Book Review: Sugar and Iced by Jenn McKinlay
This Year's Sweet Tiara Crown is Tarnished
It's time once again for the annual Sweet Tiara contest and this year as it celebrates its Diamond Jubilee, the Fairy Tale Cupcake girls are asked to participate, but had they known there would be a murder, they would have declined.
In the sixth installment of the Cupcake Mystery series, Sugar and Iced Melanie Cooper and Angie DeLaura agree to bake the little cakes and create a cupcake challenge for the beauty pageant contestants. As a favor to Melanie's mom's best friend the girls agree to helping out and also, their employee Oz Ruiz's friend Lupe has decided to enter the pageant.
Lupe enters the pageant with the hope of winning a full scholarship to the college of her choice but wasn't ready for all of the craziness associated with the competing. However, when one of the judges, Mariel Mars, is found dead on the second day of the pageant, Lupe becomes the prime suspect since she did threaten the judge in the lobby of the resort.
If you remember from the last installment, Melanie had broken up with Angie's brother, Joe. Throughout this installment, Joe continues his pursuit of her affections and Melanie continues to weigh the pros and cons of marriage. As everyone points out to her, her fears are baseless since her fear is that he'll leave her. She blames herself for her father's death and subsequently afraid that everyone else in her life will somehow abandon her through no fault of her own.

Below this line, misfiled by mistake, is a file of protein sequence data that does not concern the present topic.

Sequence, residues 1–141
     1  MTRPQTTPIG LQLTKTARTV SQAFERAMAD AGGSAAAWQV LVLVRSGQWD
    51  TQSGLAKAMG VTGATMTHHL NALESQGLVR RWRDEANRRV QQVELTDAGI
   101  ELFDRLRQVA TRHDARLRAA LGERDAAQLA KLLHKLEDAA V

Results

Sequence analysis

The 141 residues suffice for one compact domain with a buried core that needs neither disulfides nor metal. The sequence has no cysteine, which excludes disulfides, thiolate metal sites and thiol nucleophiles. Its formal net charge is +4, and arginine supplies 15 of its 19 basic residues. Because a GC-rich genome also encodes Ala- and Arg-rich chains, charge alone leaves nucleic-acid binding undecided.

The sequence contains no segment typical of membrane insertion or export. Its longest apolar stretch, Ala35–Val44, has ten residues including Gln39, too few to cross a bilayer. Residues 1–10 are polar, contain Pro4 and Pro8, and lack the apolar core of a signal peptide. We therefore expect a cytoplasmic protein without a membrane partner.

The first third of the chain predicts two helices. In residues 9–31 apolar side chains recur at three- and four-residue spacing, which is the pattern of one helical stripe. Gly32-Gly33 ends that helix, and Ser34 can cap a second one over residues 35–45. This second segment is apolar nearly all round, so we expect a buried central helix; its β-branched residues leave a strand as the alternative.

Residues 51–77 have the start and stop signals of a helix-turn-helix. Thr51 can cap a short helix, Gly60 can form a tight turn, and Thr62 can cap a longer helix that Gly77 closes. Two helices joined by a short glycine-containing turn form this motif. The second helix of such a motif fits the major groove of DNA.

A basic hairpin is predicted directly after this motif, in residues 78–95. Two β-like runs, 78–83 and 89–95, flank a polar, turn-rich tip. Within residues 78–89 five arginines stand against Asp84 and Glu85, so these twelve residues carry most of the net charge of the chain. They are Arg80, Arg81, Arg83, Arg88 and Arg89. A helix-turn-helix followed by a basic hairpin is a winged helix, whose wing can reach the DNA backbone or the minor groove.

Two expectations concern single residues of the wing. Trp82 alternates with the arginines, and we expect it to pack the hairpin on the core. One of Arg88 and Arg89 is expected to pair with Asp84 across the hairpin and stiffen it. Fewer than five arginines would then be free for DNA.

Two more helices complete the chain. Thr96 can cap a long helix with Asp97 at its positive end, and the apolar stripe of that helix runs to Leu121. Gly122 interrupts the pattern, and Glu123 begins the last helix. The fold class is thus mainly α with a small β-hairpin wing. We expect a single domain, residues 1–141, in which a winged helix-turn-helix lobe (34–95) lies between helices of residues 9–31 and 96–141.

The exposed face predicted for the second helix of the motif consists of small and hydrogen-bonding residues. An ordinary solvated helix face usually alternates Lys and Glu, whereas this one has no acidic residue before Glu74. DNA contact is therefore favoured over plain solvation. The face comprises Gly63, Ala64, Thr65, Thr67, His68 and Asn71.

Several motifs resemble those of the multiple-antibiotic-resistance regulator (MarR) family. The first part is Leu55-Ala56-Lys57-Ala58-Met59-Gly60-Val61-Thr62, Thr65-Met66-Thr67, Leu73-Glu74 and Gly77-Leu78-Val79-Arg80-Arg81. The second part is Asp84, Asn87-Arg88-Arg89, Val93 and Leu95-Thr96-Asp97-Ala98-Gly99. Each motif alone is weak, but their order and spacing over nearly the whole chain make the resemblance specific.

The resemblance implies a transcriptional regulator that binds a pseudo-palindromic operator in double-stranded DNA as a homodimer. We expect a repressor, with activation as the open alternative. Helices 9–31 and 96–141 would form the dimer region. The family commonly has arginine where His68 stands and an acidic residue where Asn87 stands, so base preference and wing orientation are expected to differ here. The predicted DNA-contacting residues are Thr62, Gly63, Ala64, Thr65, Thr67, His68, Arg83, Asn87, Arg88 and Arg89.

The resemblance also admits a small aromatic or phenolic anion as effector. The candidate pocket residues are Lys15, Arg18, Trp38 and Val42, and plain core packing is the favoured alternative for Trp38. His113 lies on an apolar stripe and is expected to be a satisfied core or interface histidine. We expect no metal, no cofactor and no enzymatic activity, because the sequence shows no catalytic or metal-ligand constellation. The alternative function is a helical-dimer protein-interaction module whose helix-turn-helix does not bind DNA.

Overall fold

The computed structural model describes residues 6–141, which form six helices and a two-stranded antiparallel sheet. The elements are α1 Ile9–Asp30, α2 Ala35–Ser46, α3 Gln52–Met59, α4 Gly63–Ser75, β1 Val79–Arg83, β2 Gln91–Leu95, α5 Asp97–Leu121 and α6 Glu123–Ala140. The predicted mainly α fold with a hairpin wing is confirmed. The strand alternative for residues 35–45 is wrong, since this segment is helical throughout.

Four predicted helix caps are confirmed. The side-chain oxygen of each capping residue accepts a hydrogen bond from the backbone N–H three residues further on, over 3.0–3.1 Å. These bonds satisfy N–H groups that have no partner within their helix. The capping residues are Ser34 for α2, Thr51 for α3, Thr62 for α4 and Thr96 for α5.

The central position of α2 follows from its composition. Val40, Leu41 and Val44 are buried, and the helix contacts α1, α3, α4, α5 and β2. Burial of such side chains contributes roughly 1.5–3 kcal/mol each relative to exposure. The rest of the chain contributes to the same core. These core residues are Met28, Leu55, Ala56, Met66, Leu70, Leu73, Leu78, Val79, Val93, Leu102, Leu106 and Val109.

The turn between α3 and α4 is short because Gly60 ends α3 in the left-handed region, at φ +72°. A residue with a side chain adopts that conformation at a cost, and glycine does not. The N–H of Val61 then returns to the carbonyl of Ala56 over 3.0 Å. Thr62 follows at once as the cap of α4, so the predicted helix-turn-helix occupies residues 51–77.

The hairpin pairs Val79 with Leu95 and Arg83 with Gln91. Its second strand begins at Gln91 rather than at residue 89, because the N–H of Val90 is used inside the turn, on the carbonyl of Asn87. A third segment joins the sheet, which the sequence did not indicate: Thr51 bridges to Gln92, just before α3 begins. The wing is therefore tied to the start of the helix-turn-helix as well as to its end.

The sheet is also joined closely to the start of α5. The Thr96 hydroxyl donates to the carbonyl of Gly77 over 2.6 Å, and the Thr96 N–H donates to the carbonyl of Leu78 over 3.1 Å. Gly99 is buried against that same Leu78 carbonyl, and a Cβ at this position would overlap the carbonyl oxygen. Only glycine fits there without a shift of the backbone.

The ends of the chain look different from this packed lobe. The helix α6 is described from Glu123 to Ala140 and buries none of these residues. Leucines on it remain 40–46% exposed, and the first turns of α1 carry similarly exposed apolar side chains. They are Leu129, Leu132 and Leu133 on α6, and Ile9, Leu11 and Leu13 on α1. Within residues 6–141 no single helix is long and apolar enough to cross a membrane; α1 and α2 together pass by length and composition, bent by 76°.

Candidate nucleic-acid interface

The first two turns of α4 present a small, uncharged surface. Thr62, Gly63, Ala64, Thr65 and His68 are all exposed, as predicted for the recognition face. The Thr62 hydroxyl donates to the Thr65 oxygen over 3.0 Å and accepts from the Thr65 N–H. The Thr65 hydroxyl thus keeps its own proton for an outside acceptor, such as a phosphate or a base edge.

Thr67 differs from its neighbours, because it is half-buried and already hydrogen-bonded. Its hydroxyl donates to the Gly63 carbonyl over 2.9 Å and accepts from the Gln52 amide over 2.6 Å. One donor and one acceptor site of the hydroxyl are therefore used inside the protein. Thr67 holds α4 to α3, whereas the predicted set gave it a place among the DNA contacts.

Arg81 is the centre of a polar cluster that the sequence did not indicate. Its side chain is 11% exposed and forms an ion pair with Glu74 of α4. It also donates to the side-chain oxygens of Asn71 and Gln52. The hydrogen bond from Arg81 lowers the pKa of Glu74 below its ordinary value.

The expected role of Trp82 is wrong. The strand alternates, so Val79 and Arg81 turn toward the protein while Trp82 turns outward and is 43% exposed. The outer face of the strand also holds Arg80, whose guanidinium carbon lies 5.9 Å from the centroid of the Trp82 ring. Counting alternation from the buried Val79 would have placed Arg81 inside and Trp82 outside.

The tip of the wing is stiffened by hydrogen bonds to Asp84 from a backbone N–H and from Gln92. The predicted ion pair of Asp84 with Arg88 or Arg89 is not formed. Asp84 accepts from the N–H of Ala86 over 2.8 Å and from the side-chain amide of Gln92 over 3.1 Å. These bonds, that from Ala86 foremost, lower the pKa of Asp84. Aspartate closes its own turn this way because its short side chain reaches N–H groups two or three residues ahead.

Evidence against Lupe mounts as her fingerprints are found on the scarf used to strangle Mariel and while she may be the prime suspect the other contestants avoid her as if she were the plague but she does have at least one ally in the form of Mel's mother.
For the seventh installment, I can guarantee the book will be revolving around one of the characters' upcoming wedding which was something of a shocker. And I can see why someone can go all "Annie Wilkes" on an author because I can tell you, you will be upset at author Jenn McKinlay.
While I enjoyed this installment, the movie quoting still bothered me (almost right out of the gate) and maybe I hadn't noticed it before, but there were a lot of times when I think McKinlay was trying to add suspense by using phrases such as "Melanie heard a familiar voice" or "she thought the voice sounded familiar, but wasn't sure who it was until she realized it was Joe's deep voice." Phrases like this seemed to appear on every page and "the voice" did get pretty old after awhile. Little things like this did become annoying to me.